Ticheli is well known for his works for concert band, many of which have become standards in the repertoire. In addition to composing, he has appeared as guest conductor of his music at Carnegie Hall, at many American universities and music festivals, and in cities throughout the world, including Schladming (Austria), Beijing and Shanghai, London and Manchester, Singapore, Rome, Sydney and numerous cities in Japan. His compositions have been described as "optimistic and thoughtful" (Los Angeles Times), "lean and muscular" (New York Times), "brilliantly effective" (Miami Herald) and "powerful, deeply felt, crafted with impressive flair and an ear for striking instrumental colors" (South Florida Sun-Sentinel).
What to Listen For
Ticheli is frequently inspired by visual experience, especially architecturenotably the work of "starchitect" Frank Gehry. His
music seems to shine and iridesce like one of Frank Gehry's gleaming titanium structures, with distinctive phrases and gestures that glide among each other in layers without crisp attacks or endpoints. Though very different in character and effect, the technique is reminiscent (to one listener, at least) of the patented layering of "cascading strings" that gave the popular Mantovani Orchestra its deliciously unctuous sound in the 1970s and '80s.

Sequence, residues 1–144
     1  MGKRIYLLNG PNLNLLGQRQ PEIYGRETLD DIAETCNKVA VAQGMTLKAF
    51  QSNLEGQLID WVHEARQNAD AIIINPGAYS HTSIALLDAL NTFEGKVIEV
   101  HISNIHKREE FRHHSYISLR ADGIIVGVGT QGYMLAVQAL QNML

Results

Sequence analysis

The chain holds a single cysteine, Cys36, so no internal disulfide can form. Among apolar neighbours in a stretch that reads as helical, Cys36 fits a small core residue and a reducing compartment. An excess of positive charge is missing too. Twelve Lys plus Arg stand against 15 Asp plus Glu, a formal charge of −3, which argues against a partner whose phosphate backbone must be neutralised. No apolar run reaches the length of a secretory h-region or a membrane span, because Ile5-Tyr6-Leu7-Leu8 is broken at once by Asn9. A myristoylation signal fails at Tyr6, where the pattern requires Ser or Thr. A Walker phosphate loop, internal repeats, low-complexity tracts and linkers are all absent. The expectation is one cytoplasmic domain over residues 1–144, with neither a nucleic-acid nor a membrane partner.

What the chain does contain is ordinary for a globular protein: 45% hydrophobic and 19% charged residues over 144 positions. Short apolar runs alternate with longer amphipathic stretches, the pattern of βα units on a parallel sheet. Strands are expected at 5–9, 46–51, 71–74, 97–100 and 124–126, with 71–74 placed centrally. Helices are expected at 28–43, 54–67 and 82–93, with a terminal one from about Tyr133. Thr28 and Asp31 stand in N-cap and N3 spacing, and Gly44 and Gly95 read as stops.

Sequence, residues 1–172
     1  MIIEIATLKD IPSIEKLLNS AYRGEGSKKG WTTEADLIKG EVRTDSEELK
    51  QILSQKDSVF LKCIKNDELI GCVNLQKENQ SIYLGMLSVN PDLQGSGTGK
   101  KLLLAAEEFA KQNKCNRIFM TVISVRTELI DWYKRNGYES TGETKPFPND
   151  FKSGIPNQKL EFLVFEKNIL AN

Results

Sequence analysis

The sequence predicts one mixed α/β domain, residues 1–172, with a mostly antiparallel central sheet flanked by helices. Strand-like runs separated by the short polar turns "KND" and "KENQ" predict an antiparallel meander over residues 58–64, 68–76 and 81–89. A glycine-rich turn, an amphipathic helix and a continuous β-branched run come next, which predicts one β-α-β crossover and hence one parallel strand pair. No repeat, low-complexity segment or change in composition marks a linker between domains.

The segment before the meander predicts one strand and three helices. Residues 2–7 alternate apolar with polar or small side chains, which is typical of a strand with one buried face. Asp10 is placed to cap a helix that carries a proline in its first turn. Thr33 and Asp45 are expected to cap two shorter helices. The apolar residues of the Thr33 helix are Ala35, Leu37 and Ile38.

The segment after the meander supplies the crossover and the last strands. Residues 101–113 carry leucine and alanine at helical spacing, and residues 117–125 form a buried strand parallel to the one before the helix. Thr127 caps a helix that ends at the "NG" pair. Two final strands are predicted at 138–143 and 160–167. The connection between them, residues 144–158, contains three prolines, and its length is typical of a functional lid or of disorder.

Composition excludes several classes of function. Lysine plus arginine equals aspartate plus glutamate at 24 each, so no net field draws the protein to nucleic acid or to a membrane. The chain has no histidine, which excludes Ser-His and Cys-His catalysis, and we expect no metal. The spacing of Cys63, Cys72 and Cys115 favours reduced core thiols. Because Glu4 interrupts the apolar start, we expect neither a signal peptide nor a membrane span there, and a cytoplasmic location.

Ticheli's way with texture and color has made him one of the most frequently programmed composers of compositions without strings, including concert band music for schools and virtuoso ensembles, and many of his catalog entries exist in separate arrangements for full orchestra and band. His combination of energy, finesse and an evocatively beautiful sound has established many Ticheli compositionsincluding Blue Shadesas core repertory in both realms.
Either way, listeners face two critical questions: Are the "shades" in his title hues of blue? Or are they blue sunglasses?
8) IN California: Music from the Golden StatePacific Symphonys 2017 American Composers Festival shines the light on composers who made their mark while living in California. At the center is a work by one of the most popular living composers today, John Adams, whose 70th birthday is being celebrated across the world this year. Cast in two movements, his electric violin concerto, The Dharma at Big Sur, is a tribute to two iconic composers from the Golden state: Lou Harrison and Terry Riley. Both of these musicians were known to write music influenced by non-Western cultures and their work has earned them both the reputation as great 20th-century innovators.
In the lobby prior to the concerts April 6-8, Chapman University music students perform Terry Rileys seminal work In C from 1964. Much like Stravinsky's The Rite of Spring signified a revolution in musical thought in the early 20th century, In C announced a new direction half a century later. By the early 1960s, most serious composers had alienated regular audiences by only writing experimental atonal music without a key center. Riley challenged the establishment by writing a piece that was In C, and thus launched the minimalist movement. Although this iconic work still contained a tonal center, its loose structure, obsessive pulse and incessant repetition was a new kind of music unlike anything heard before. Minimalism proved hugely influential, not only in the classical realm, but also in popular music. Pete Townshend of The Who recognized this and immortalized Terry in one of his greatest songs, Baba O'Riley, which due to a memorable lyric is often mistakenly referred to as Teenage Wasteland.